One year ago today, the Deepwater Horizon drilling rig exploded. The explosion killed 11 men, injured 17, and sank the rig. The deepest, most long-lasting outcome of the mishap, however, was the sea-floor oil gusher that started leaking oil into the ocean. After several attempts, the spill was finally effectively capped on July 15, 2010.
The consequences of the Gulf oil spill range from economic to ecologic, and effects on health, fishing, and tourism. Legislative efforts and public reactions also followed. The various documenting efforts include recording the impact of the event in the lives of the Gulf area residents.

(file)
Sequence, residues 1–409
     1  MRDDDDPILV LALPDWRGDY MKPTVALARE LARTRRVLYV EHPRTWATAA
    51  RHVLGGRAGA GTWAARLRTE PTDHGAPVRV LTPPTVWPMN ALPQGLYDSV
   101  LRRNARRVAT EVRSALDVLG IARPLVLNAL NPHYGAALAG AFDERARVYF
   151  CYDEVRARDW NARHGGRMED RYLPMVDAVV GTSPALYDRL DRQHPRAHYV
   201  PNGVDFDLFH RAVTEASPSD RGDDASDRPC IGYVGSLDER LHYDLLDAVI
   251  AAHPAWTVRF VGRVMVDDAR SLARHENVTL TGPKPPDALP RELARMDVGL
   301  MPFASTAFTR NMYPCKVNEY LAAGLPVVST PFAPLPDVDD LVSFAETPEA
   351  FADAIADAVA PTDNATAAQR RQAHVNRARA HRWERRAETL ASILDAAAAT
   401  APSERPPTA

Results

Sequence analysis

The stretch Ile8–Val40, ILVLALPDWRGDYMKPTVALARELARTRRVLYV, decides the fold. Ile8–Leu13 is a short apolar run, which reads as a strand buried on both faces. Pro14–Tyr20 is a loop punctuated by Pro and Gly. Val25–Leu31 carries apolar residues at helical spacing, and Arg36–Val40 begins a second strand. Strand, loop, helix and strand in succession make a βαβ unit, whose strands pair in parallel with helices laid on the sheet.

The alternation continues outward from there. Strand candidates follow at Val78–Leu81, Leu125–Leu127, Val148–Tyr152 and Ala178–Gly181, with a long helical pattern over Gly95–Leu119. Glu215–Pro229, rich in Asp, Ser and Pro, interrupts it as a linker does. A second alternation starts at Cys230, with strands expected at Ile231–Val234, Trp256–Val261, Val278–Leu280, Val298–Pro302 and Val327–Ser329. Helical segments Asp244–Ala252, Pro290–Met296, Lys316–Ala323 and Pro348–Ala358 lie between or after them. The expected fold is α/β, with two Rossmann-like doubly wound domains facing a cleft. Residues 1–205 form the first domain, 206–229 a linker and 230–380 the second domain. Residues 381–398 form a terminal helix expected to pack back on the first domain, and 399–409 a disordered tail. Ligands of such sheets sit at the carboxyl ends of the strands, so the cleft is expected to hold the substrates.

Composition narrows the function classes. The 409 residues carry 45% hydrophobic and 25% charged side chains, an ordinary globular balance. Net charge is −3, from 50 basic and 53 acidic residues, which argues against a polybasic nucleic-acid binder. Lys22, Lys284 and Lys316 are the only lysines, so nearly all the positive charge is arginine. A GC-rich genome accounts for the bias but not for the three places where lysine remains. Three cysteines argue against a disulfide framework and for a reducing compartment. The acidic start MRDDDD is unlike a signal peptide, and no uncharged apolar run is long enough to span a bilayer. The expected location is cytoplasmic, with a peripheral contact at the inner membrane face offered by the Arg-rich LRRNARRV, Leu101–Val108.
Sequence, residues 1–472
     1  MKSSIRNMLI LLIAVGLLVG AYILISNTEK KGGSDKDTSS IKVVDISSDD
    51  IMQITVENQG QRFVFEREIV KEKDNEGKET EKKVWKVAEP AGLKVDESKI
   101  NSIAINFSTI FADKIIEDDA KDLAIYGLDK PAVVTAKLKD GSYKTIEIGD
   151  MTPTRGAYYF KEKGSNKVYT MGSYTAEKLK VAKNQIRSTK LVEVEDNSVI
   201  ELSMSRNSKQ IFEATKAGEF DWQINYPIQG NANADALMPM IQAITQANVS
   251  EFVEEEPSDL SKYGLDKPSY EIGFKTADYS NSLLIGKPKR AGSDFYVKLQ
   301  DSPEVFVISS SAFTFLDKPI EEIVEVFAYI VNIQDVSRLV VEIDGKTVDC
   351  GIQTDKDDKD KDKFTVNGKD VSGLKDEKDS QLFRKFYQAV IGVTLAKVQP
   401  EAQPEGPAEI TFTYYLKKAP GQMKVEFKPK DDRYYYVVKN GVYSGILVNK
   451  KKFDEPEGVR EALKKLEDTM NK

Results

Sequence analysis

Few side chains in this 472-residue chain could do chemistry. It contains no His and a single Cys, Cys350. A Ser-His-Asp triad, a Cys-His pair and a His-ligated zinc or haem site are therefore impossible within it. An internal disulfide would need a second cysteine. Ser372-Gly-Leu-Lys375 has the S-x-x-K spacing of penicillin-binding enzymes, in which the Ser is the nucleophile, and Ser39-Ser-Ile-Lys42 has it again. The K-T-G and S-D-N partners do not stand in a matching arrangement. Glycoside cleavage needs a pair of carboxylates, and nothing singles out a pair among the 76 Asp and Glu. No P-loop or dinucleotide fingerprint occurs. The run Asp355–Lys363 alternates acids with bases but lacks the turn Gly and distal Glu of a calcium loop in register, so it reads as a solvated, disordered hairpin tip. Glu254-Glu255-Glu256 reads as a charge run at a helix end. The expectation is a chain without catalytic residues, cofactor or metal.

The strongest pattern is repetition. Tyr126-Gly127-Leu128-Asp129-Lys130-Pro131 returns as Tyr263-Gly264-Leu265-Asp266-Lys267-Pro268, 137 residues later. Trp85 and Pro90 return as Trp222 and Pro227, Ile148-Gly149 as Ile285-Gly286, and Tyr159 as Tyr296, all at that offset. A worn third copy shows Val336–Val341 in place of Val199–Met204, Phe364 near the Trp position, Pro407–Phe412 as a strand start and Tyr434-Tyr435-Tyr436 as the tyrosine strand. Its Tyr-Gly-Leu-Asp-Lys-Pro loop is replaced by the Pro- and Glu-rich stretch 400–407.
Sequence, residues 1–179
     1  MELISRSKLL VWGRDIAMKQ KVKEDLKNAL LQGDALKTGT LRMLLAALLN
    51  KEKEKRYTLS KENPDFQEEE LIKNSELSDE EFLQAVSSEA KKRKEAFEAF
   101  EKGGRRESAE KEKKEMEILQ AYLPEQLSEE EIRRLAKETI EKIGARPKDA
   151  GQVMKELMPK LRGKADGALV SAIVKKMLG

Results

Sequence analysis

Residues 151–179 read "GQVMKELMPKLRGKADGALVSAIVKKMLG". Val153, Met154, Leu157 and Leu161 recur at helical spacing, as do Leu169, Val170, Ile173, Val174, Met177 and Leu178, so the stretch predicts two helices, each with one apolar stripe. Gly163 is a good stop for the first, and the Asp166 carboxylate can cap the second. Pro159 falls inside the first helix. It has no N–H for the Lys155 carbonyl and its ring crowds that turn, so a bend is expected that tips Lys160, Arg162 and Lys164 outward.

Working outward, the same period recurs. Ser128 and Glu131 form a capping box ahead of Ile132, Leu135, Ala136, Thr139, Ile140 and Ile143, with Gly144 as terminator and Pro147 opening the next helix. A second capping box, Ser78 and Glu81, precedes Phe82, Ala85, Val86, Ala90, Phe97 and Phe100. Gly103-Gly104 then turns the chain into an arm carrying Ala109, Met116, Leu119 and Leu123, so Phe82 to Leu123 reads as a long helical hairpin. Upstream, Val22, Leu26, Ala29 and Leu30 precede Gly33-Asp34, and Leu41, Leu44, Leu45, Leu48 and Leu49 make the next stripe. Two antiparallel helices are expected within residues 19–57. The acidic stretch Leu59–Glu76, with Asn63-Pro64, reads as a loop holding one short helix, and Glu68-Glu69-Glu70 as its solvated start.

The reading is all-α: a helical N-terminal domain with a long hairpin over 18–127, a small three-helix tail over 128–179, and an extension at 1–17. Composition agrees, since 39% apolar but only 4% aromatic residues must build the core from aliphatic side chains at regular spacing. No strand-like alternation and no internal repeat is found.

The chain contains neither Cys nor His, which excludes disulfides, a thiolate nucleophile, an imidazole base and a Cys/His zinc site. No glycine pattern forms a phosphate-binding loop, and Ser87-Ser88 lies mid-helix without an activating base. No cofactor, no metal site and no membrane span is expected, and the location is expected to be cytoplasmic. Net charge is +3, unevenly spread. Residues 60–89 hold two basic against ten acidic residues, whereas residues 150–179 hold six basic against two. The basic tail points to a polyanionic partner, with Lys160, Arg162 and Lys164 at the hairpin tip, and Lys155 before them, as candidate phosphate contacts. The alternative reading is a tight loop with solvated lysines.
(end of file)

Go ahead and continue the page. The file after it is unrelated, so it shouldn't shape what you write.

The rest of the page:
The new media allow us great new ways to record history as it happens and the reactions of so-called ordinary people. For example, Bridge the Gulf, a citizen journalism and new-media initiative, conveys the residents' stories and their vision for the future of Gulf Coast communities. The Southern Oral History Program in the Center for the Study of the American South at the University of North Carolina conducted a small series of interviews to begin the work of documenting the human effects of the oil spill. They have published a selection of oil spill stories on Tumblr. Historians of the future will surely find a rich source of primary materials among these and other similar collections.